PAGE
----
Starting a new job –especially if it's your very first job– can be scary. If you're anything like me, new experiences and routines can be hard to grasp, making things a lot harder and anxiety-riddled than they should be. When I first started working at my job, I could not stop shaking no matter the number of times I told myself to "calm down." I felt like I was doing everything wrong and was worried I would never be able to handle what was expected of me.

Day by day, I started to see myself becoming much more familiar with what was expected of me and gradually gained the much-needed confidence my job required me to have. Below are five things I wish I would have known before starting my job so as to make the transition smoother and easier.

1. Everyone makes mistakes especially when you're new at something.

I'm my harshest critic when it comes to literally everything I do, so when I mess up, I immediately feel like it's the end of the world. It can be hard to cut yourself slack especially when you're as particular and detail-oriented as me, but it's important to understand that things don't always have to come naturally to you; messing up is part of life, and without it, there can be no improvements.

2. Things take time to become habits.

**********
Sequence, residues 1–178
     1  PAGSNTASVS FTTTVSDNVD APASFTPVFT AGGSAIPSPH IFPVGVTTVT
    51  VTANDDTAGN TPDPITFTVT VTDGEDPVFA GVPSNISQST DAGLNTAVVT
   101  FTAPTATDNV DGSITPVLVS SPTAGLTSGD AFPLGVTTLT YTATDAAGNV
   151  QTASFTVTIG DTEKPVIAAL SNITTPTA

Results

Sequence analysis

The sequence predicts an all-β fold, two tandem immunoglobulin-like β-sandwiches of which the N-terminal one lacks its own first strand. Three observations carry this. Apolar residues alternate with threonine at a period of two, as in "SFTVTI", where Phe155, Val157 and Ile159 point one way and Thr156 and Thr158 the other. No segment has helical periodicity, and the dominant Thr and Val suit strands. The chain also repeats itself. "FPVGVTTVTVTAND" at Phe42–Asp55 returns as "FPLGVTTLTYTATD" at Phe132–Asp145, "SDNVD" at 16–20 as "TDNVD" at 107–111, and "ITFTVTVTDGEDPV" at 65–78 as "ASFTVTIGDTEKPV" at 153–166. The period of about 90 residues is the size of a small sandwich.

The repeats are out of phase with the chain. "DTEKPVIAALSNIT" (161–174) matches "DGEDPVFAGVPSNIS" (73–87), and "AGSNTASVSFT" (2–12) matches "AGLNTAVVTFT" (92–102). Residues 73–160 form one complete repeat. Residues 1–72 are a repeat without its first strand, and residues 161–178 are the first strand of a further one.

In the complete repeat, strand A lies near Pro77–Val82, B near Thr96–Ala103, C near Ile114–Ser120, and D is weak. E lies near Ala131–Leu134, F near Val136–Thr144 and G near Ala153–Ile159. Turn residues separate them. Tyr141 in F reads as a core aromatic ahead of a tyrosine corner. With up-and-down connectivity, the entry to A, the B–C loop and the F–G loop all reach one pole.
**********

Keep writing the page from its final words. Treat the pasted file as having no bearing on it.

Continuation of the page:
I was always the kid who cried on the first day of school because I hated change and hated having to adopt a new routine. Before starting my job, I wish I would've accepted the fact that I wasn't going to know everything and anything the first day and that it was going to take some time to figure everything out.

3. It's normal to ask for help.

I absolutely hate asking for help, especially when I'm not comfortable with the person I'm asking, but it's important to reach out to your coworkers with concerns and questions so you can learn what you don't know and grow as an employee.

4. Not every customer is going to be nice and that's OK.

I work at a very busy restaurant that sees a wide variety of people; some customers are patient and nice while others have no regard for their actions or words. I shut down when I hear criticism or when someone isn't nice towards me, but I have learned that dealing with others is just a part of the job. I wish I would have learned beforehand to not take angry customers seriously since they don't even know me personally.

5. It's important to be friendly with your coworkers.

Being "friendly" with your coworkers and becoming friends with them are two very different things. In my opinion, having people to talk when things are slow or go to when you have a problem makes the time at work go by very fast; you have to work with these people, so why not try and make it somewhat enjoyable?